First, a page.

Reviewing the reading from the Gospel of Matthew, we perceive that
there is a spiritual meaning involved. We are no longer at a Great
Feast but at a Royal Wedding Feast. It is a Wedding Banquet that
the Father gives for His Son. The Son is Jesus. The Bride is the
invisible Kingdom of God on earth, the Mystical Body of Christ that
is made visible through the Holy Catholic Church. The Holy
Catholic Church had its beginning in Jerusalem on Pentecost Day
when the Apostles received the Holy Spirit. [Acts 1:4, 2:4]
All of this is confirmed through the Book of Revelation. "And I
saw the holy city, the new Jerusalem, coming down out of heaven
from God, prepared as a bride adorned for her husband. And I heard
a loud voice from the throne saying, 'See, the home of God is among
mortals. He will dwell with them as their God; they will be his
peoples, and God himself will be with them; he will wipe every tear
from their eyes. Death will be no more...'" [Rev. 21:2-4]
From the Old Testament, we learn that the first guests who were
invited to the Wedding Banquet were the Jewish people and their
leaders, they being God's chosen people. Having rejected God's
invitation, the Lord sent out His invitation to the Gentiles, the
The invitations were sent out to all, the good and the bad. These
generous invitations echoe the abounding love and mercy of God that
reaches out towards all, forgiving the sins of those who will
sincerely repent of their evil ways in order to embrace a life of
Today, the invited Gentiles are all those who have received the
Sacrament of Baptism. Having been born again through faith in
Christ by water and Spirit, they qualify as children of God if they
persevere in their living faith until the end.
The necessity to persevere in the living faith is confirmed by the
reference to the wedding robe. In those days, the proper garment
to wear at a wedding was a clean white robe. The Book of
Revelation tells us that those who are dressed in white are the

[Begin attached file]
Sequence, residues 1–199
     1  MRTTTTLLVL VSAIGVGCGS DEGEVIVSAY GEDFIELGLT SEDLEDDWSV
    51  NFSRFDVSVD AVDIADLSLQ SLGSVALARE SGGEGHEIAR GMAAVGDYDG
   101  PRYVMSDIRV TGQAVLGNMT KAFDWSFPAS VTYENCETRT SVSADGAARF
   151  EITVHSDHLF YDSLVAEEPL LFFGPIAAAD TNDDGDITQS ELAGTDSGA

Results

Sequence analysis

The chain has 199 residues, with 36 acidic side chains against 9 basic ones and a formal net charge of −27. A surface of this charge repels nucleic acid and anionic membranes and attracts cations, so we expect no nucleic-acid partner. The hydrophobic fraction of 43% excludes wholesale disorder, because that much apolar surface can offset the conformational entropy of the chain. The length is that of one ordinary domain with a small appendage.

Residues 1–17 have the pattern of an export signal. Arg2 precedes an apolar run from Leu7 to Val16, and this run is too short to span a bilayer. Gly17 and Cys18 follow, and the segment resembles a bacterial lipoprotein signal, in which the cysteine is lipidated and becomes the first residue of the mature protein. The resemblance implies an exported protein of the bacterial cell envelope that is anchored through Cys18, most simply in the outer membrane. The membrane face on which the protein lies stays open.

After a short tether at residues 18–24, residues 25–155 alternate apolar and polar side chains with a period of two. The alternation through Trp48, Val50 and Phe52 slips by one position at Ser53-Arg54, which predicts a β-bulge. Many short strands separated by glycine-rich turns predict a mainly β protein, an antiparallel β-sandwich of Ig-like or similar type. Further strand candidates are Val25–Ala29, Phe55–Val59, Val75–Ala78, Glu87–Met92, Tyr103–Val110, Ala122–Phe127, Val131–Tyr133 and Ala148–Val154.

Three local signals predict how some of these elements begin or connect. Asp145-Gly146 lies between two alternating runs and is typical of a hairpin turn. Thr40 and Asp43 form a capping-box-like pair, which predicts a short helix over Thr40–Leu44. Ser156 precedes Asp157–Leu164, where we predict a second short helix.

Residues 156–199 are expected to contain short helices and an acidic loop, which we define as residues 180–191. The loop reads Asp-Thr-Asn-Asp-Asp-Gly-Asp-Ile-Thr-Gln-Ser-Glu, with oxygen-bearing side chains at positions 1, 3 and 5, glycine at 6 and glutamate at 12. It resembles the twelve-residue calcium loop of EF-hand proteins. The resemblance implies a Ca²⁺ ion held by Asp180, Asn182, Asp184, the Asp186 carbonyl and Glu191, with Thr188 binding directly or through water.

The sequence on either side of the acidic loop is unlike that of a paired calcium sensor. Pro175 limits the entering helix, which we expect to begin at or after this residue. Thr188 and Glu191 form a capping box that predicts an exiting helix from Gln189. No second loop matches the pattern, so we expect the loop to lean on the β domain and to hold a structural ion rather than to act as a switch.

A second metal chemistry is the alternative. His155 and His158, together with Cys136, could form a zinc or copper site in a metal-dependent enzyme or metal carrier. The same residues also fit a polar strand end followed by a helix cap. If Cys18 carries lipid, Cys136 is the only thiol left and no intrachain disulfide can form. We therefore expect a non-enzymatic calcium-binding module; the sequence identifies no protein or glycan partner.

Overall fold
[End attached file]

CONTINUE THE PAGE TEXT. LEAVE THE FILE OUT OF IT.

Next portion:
worthy ones [Rev. 3:4] and the martyrs. [Rev. 6:9-11, 7:9, 13-4]
Those who conquer, they will be clothed in white robes, and their
names will not be blotted out of the book of life. Jesus will
confess their name before the Heavenly Father and before the
angels. [Rev. 3:5]
The mentioning of the good and bad is also symbolic of the
condition of the Church throughout its history. Enduring until the
Judgment, it is composed of sinners, some who persevere in their
living faith and some who choose not to do so.
What is clear from this reading is that those who do not persevere,
their punishment will be instant and severe. While all are called,
not all answer their calling by the grace of God, some rejecting
the invitation, some not accepting it fully. Not being adorned
with a white robe that identifies them as children of God, those
who neglect their salvation shall be thrown out in outer darkness
where there will be weeping and gnashing of teeth.
In a few moments, we shall continue with the celebration of the
Holy Mass. The Holy Mass is the Great invisible Wedding Feast that
is opened to all those who have been baptised and who live their
faith in Christ. These are the children who have been called by
the Father of spirits [Heb. 12:9] to be united with Christ in One
Holy Body to receive the Living Bread. The Living Bread, the Holy
Eucharist, assures each and every one of us our salvation as long
as this Church Sacrament is received in a state of grace. For it
is very offensive to God to come to His Feast and receive the
Living Bread while in a state of sin. Such a sinful act would
parallel the guest who was not wearing a white wedding robe.
Let us continue to praise and worship the Lord for having blessed
us with this great Feast through Christ our Lord.